Double Taxation

Tax season is one of the most complex and frustrating times of year for businesses of all sizes. Making sure that your taxes are filed in time is vital, and there are a wide variety of areas that can cause complications.

One of the most significant and controversial is the concept of double taxation. If you have heard of the term recently, you may be wondering if your business is likely to be affected by it. Nobody wants to be taxed twice, so understanding just what double taxation is and how you can reduce your exposure to it is essential. This guide will explain what double tax is, who is affected, and potential ways that you can avoid it.

The Basics

Simply put, double taxation is when income taxes are paid twice on the same source of income. When this double taxation happens, not only are the earnings of the corporation taxed but shareholders are taxed on those same earnings, as well.

This also affects any shareholders who make up part of the business workforce and are registered as employees.

A simple way to understand this is by considering the status of a business owner. That owner will often receive a working salary and be registered as both the owner of the business and an employee. The salary itself is taxed, but so are the profits of the company. Corporations that pay tax dividends on their profits will find that the business owner will also have to pay their own tax dividends when it comes to the time to file their own personal tax returns.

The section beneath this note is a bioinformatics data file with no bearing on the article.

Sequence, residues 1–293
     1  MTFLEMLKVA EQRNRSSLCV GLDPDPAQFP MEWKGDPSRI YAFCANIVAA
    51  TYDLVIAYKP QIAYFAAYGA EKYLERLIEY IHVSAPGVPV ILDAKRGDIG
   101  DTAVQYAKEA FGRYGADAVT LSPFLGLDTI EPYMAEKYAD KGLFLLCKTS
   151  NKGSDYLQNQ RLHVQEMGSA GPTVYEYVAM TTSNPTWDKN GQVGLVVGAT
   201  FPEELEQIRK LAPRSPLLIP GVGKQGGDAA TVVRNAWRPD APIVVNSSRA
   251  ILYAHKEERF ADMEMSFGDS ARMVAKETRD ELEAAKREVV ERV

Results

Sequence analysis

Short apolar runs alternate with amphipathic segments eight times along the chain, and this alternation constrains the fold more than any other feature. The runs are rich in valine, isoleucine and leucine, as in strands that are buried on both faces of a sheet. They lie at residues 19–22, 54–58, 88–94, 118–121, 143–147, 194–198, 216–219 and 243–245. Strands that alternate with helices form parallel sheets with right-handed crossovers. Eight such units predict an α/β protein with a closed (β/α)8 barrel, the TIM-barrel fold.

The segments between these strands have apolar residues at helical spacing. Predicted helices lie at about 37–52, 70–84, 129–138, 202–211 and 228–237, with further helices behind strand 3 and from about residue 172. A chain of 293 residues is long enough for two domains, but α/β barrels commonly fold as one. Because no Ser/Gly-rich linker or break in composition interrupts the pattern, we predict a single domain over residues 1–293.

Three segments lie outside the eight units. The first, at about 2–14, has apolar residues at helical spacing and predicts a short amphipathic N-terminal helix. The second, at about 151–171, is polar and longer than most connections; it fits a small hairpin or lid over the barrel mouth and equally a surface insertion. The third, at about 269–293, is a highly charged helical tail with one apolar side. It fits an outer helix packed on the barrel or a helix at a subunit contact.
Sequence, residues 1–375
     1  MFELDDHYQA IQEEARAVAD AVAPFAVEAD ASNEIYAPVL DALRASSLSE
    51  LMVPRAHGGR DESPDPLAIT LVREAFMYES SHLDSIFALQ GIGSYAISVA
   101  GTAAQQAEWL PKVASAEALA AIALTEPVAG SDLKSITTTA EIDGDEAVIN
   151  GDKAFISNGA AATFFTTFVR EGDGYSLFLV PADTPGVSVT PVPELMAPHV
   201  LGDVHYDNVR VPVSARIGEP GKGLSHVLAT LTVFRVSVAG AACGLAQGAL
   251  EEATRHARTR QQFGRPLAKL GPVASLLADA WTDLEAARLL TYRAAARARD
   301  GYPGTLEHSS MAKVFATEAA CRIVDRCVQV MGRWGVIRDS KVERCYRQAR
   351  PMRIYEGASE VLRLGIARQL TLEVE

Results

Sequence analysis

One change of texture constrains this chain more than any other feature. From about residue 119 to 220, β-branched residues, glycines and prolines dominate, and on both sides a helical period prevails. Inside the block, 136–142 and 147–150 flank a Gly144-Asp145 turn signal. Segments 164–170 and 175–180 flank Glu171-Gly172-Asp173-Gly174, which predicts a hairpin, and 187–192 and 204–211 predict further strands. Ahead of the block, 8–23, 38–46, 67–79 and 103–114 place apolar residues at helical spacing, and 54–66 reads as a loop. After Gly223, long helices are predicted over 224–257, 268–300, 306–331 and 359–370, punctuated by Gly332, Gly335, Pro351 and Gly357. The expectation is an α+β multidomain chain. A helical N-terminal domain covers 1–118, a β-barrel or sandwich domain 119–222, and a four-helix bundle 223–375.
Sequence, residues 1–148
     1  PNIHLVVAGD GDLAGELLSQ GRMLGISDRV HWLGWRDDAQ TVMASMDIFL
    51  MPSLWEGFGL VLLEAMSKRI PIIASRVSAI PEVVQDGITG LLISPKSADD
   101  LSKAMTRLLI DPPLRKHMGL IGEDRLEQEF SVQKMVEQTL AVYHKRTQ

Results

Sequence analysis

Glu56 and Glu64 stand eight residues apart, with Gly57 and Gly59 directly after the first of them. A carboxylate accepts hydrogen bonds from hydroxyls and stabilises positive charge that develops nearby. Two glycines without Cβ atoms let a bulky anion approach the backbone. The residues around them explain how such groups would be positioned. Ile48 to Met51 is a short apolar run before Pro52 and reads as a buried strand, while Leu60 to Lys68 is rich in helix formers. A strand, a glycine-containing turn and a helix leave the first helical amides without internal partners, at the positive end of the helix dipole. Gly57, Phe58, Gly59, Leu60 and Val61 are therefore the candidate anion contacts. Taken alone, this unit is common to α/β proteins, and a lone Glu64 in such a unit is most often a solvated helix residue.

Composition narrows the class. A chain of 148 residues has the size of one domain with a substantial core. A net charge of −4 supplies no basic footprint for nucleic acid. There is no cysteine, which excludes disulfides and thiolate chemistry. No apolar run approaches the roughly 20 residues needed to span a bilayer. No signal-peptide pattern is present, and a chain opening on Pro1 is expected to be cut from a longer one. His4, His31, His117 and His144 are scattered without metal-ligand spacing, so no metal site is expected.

Why does Double Taxation Happen?

Not every business type is susceptible to double taxation. It is primarily those business concerns that have an ownership interest. Business models that don’t have to pay any corporate taxes are not typically double taxed. These include:

These business types are considered to be ‘pass-through entities,’ meaning that any profits that they generate are generally paid directly to the owner of the business. That owner will then pay the tax on those profits via their own income tax returns. This method of direct taxation avoids the corporate taxation system by simply sidestepping it.

It’s worth noting that LLCs and Partnerships work slightly differently, yet the end result remains the same; they avoid corporation tax by filing their business tax report and the figures of their personal return.

Limited liability companies, S corporations, and sole proprietorships fall under this category. As they do not pay any form of corporate tax, there is no possibility of being taxed twice on the same profits. It’s important to understand that for small business, double taxation is something can be easily avoided. It is very rare that small businesses will have registered as a C corporation, and as a result, they can often prevent the potential of being taxed twice.

The Controversy of Double Taxation

Taxes are unavoidable but finding out that you need to pay taxes on the same earnings twice can be very frustrating. Double taxation is often considered an ‘unfair tax,’ and as such is the subject of ongoing discussion regarding its place in the modern world. The consensus is that it is the only fair way to manage the profits of large corporations.